Alexander McQueen: Savage Beauty at the Met


Last Friday, I got up at 6am so I could be one of the first people in line at the Met Museum on one of the last days of the Alexander McQueen exhibit, Savage Beauty. I’d been putting it off for so long, I started to panic thinking that I would miss the exhibition.

After discovering him in the late 90’s in a now famous David LaChapelle editorial, McQueen was one of the first fashion designers whose work I ever followed closely. At least other than the “old guard” like Christian Dior and Chanel. I knew if I missed the exhibit, I would regret it forever. Even though I am sooo not a morning person, I figured for once, getting up insanely early would be worth it.

Turns out, quite a few other people had the same idea! When I arrived at 8am, I ended up behind about 100 people already in line.

In front of me: not that scary.

The line behind me was another story:

From what I’d seen on twitter the day before, this wasn’t actually that bad. I ended up making some fun new friends during the massive wait, one of whom had come to NYC all the way from Korea!

Once we were let in the museum after they opened at 9:30, the wait went much faster. After talking to a few people in line around me and my two new friends, I discovered they also work in fashion. So thankfully, we had a lot to talk about. Next thing I knew, we were at the front of the exhibit!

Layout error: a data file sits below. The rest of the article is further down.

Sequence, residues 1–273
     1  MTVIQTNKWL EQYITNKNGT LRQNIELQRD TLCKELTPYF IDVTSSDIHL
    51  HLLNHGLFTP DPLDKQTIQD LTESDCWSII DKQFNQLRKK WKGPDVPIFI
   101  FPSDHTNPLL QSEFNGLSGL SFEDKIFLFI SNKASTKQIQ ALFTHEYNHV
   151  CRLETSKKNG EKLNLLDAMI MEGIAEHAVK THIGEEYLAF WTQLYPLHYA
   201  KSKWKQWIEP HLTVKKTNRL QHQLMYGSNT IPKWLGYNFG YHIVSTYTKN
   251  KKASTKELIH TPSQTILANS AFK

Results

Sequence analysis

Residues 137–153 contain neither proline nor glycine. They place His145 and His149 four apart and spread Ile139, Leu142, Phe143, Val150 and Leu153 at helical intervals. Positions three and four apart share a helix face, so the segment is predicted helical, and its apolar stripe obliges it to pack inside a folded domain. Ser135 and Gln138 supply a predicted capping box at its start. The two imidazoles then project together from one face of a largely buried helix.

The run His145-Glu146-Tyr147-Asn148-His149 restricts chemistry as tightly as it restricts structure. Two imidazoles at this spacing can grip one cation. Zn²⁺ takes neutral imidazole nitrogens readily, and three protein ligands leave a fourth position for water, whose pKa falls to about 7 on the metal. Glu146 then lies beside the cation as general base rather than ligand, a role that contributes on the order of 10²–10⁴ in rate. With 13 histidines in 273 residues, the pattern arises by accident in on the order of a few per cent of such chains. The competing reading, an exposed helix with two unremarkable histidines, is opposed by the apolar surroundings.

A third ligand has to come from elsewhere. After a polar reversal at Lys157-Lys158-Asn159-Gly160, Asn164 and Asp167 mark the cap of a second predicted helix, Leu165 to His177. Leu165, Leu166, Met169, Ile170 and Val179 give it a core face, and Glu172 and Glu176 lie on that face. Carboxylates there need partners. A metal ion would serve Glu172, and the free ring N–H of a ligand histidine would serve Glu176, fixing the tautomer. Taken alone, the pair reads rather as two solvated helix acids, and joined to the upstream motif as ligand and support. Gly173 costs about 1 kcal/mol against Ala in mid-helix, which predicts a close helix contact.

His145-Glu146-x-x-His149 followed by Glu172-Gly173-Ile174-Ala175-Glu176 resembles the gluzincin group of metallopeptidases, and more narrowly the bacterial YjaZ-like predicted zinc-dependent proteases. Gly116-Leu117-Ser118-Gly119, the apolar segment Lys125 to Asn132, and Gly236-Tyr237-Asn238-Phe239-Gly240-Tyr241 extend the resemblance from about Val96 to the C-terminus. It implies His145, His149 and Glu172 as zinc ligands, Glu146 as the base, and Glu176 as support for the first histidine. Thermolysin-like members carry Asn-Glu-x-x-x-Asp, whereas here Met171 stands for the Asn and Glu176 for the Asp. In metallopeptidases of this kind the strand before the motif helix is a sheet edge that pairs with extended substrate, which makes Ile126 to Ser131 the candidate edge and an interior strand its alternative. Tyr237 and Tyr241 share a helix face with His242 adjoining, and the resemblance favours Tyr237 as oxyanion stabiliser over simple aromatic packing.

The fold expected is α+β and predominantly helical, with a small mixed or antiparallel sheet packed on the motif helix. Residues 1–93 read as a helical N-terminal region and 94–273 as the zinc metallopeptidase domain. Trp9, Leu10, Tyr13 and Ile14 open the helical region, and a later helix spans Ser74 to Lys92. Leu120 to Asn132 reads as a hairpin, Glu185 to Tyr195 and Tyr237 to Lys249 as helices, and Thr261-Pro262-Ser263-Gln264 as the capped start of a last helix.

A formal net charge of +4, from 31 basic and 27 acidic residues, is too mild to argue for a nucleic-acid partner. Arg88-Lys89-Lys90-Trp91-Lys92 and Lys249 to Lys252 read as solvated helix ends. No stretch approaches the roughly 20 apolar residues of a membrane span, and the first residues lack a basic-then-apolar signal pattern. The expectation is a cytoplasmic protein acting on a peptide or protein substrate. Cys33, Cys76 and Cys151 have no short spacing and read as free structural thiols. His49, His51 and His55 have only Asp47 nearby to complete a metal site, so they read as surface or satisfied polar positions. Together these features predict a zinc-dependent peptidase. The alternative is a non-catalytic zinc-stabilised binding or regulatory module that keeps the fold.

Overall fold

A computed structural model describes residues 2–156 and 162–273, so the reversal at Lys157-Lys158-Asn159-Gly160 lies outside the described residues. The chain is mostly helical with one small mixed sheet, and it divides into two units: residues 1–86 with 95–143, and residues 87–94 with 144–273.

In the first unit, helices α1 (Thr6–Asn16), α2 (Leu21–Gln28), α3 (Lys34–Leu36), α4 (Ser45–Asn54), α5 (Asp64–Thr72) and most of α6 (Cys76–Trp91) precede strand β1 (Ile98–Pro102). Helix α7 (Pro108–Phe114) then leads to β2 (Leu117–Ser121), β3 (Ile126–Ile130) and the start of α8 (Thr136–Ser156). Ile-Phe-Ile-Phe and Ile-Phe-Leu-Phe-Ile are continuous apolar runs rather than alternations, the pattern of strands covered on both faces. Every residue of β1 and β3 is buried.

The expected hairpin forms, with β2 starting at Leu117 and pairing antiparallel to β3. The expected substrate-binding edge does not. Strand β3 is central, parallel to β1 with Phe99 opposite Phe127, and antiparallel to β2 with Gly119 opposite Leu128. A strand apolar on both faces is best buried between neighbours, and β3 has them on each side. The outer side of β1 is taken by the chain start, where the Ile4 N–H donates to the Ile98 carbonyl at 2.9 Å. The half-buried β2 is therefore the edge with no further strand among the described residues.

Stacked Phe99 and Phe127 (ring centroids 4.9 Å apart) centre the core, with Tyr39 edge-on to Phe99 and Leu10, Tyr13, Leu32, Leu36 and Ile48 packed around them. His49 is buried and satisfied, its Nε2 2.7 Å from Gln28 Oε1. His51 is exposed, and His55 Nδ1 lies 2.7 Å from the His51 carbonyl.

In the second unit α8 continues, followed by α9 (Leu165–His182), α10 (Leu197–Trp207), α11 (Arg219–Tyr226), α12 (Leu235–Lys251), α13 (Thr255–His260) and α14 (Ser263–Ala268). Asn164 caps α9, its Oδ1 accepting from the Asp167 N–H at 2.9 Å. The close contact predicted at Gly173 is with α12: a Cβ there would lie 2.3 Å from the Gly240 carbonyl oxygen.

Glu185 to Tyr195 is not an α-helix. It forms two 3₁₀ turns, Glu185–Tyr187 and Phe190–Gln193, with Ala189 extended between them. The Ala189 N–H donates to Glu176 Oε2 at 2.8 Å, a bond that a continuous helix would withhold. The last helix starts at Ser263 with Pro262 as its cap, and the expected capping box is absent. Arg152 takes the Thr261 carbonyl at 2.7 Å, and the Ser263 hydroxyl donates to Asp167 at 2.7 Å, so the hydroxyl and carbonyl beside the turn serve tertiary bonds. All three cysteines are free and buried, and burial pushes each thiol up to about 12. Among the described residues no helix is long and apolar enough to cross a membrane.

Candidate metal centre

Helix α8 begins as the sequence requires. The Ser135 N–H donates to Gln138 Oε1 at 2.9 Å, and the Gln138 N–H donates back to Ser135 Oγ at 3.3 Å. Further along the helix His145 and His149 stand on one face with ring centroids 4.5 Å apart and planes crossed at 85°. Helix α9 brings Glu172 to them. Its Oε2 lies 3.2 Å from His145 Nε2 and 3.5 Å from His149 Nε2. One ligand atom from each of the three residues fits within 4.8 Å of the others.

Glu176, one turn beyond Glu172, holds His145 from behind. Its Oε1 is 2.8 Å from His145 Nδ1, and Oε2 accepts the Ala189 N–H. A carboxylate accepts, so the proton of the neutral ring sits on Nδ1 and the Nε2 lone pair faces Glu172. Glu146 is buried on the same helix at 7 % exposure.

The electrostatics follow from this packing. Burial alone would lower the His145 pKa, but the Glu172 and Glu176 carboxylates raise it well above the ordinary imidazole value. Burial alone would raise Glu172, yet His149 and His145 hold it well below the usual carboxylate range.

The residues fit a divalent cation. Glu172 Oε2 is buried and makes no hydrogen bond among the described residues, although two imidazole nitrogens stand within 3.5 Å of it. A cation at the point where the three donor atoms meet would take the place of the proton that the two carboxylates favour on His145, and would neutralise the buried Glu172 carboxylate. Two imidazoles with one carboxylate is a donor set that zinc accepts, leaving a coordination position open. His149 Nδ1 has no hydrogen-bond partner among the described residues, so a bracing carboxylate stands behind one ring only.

It was ridiculously crowded. So much that it took me nearly half an hour just to make it through the first two rooms. People were slow, rude, and, since it was so disgustingly hot outside on Friday, smelly. You really find yourself hating humanity in instances like this. But being able to look at some of the most intricately designed pieces of clothing in the world from only six inches away was worth it.

One of my favorite pieces.

An old woman almost smacked me for taking this photo.

It would be great if I had a time machine, and could go back and attend the exhibit when it was less crowded. But I still really enjoyed seeing so many pieces from Lee’s fashion career up close and personal, despite the 4hours it took from start to finish. I’ll always wish that I could have photographed an Alexander McQueen show.

I was actually at another fashion show (Richard Chai Love) when I found out Lee was dead. What started as a twitter rumor soon left the entire photo pit dismayed when it was announced he had died. It honestly put such a damper on my day, I went home after Richard’s show, rather than photograph anything else.


I’m thankful for the time Lee was here, and that this exhibit has given the world at large a new appreciation for his work. If you didn’t manage to catch it, you severely missed out.



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